The invention finds advantageous use in situations in which it is advantageous to simulate a medical procedure and/or to practice a movement that may be encountered in the performance of a medical procedure. Techniques that may be practiced in accordance with the invention include, for example, sensitive suture tying; tying sutures against tension; separation, suturing over-sewing, repairing or reconnecting blood vessels; and/or making incisions and sutures in skin and subcutaneous tissue.
In one aspect, the invention provides a device 10 for practicing suture-tying techniques. Referring to FIG. 1, the device includes a base 20 that is preferably made of a relatively rigid material and that is preferably capable of remaining in a stationary position while the device 10 is in use. In this regard, the base 20 may be made of a relatively heavy material so that the base is maintained in a stationary position by the force of gravity. Alternatively, the base may comprise on its lower surface 22 one or more mounting devices 26, such as, for example, suction cups, rubber feet, or a coating of a high-friction, tacky material that tends to grip a surface upon which the device rests, such as, for example, a laboratory bench, a table or a desk. Alternatively, the mounting devices may simply comprise straps of scotch tape or metallic clamps to stabilize the base on the table, bench or the like. The mounting devices 26 advantageously keep the device 10 relatively stationary on such a surface, thereby releasably attaching the device to such a surface, and permitting the user to employ both hands while practicing a particular surgical technique. As described more fully below, if the device 10 is included in a kit, with or without other practice objects, the base may advantageously be a panel of the kit container.
At rest upon the upper surface 24 of the base 20 is member 30. Member 30 has a lower surface 32 in contact with the upper surface 24 of the base 20, and an upper surface 34 to which is attached a hook 40 configured for engagement by a surgical knot 48 tied from a filament 49. Surgical knot 48 and filament 49 are schematically shown in FIG. 1. It is preferred, but not imperative, that the lower surface 32 of the member 30 and the upper surface 24 of the base 20 be substantially planar. If surfaces 32 and 24 are not planar, it is preferred that the surfaces be substantially complementary of one another such that, when the member 30 is at rest upon the base 20, a significant portion of surface 32 is in contact with surface 24 or a spacer positioned therebetween.
As used herein, the term “hook” is intended to refer to a structure around which a filament may be tied to practice surgical suture tying. While such a hook is depicted in the drawings in a particular way, it is not intended that the invention be limited to a specific form. The hook may alternatively comprise a wide variety of different shapes, so long as a given shape is capable of receiving a surgical knot and otherwise functioning as described herein. The hook may also have a cloth material associated therewith that the user may use to stitch and tie. In this embodiment, a pulling force upon the cloth will indirectly exert a force upon the hook in a similar manner as would occur if no cloth were present.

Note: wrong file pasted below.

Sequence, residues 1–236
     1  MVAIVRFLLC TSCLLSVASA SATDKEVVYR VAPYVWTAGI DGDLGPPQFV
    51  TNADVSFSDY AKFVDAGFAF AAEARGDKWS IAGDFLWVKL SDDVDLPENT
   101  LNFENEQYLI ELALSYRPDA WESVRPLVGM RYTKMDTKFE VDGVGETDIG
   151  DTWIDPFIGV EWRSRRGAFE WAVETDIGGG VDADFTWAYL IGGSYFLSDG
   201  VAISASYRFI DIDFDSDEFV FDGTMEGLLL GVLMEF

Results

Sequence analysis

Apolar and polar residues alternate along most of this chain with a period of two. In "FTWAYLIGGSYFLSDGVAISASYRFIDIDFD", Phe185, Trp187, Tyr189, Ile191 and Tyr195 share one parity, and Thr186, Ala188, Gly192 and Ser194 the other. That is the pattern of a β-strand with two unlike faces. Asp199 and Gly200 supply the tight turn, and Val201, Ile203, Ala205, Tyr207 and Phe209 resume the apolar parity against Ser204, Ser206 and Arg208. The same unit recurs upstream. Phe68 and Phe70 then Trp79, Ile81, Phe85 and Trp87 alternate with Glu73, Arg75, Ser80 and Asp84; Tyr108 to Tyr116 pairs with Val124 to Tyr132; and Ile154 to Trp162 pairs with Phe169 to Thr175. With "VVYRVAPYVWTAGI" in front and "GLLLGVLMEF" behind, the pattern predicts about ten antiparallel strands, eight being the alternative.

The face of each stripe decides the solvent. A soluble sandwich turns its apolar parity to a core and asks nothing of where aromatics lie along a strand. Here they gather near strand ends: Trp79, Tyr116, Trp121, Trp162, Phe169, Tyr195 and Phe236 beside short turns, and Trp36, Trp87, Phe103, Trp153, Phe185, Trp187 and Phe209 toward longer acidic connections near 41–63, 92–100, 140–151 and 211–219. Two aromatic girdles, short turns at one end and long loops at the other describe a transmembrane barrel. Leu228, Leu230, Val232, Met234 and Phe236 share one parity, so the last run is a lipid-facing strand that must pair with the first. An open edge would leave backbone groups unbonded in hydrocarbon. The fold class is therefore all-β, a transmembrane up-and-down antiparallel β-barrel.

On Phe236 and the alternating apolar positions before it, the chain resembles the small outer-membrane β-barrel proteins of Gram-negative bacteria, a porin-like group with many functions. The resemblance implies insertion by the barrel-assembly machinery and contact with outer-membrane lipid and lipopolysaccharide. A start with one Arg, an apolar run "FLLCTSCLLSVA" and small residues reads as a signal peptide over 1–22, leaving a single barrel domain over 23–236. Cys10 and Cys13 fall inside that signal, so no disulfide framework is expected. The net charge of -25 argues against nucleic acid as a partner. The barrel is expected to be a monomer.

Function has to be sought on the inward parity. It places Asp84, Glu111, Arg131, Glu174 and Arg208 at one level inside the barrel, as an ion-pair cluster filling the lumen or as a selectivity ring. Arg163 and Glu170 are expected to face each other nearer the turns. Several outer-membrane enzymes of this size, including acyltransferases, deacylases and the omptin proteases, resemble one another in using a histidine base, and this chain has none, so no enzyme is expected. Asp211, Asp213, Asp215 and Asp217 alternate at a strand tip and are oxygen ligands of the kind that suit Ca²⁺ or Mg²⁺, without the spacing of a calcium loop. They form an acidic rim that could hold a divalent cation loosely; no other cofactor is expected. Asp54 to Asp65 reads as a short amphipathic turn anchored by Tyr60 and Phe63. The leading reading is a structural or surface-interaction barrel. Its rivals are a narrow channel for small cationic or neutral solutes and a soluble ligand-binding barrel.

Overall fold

The term “filament” is intended to refer to a strand, thread, fiber or the like that is of the type to form an actual hand-tied suture as would be used in a surgical procedure, or that simulates such a suture, and that may be used to practice tying surgical knots. It is intended that the term “filament” encompass filaments that comprise a single strand or multiple strands. Member 30 and hook 40 are preferably fixed to each other such that movement of the hook 40 will result in a corresponding movement of the member 30.
When the device 10 is being used to practice suture tying techniques, the user may advantageously loop a filament over the hook 40 and tie one of a wide variety of surgical knots in the filament, with the objective of the exercise being to tie a desired knot around the hook without exerting a substantial pulling pressure or tension force upon the hook. Alternatively, a cloth may be attached to the hook and the user may introduce a stitch into the cloth and tie a surgical knot in the same, with the objective of this exercise similarly being to tie a desired surgical knot without exerting a substantial pulling pressure or tension force upon the cloth. Mastery of tying surgical knots without exerting a substantial pulling pressure is important, for example, so that, in an operation upon an actual patient, knots can be tied around delicate tissues without causing damage to the tissues. While it is understood that a certain amount of pressure may typically be exerted upon a tissue by a suture without causing damage, exceeding a threshold amount of force may result in tissue damage. It is therefore preferred that the member 30 be configured such that, if the filament being tied onto the hook 40 exerts a force upon the hook 40 in excess of a threshold force, at least a portion of the member is caused to move relative to the base, indicating that the threshold force was exceeded. The threshold force preferably equals a force above which a tissue being simulated may be damaged.
In certain embodiments, the member 30 is movably attached to the base 20. The member 30 may, for example, be releasably attached to the base using one or more releasable fasteners 50, as depicted in FIG. 3. The releasable fastener 50 may comprise VELCRO, a well known and commercially available material, or another type of hook and loop fastener, whereby the threshold force equals the sum of the force necessary to separate the hooks and loops of the fastener and the force necessary to overcome the force of gravity upon the member. Alternatively, the releasable fastener or fasteners 50 may comprise releasable, reusable adhesive material. Such a material is described in U.S. Pat. No. 4,783,354 to Fagan, U.S. Pat. No. 5,413,302 to Ferster and U.S. Pat. No. 5,738,325 to Brown, which, along with all other references cited herein, are hereby incorporated herein by reference in their entirety.